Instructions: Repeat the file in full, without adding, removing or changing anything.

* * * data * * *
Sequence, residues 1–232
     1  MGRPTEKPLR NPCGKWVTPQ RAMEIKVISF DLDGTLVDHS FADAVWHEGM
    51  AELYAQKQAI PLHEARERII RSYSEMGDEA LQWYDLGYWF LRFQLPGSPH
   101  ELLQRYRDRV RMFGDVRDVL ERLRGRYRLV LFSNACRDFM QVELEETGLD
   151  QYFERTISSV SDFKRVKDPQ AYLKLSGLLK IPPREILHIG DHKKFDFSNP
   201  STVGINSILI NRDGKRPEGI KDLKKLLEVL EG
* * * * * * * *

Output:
Sequence, residues 1–232
     1  MGRPTEKPLR NPCGKWVTPQ RAMEIKVISF DLDGTLVDHS FADAVWHEGM
    51  AELYAQKQAI PLHEARERII RSYSEMGDEA LQWYDLGYWF LRFQLPGSPH
   101  ELLQRYRDRV RMFGDVRDVL ERLRGRYRLV LFSNACRDFM QVELEETGLD
   151  QYFERTISSV SDFKRVKDPQ AYLKLSGLLK IPPREILHIG DHKKFDFSNP
   201  STVGINSILI NRDGKRPEGI KDLKKLLEVL EG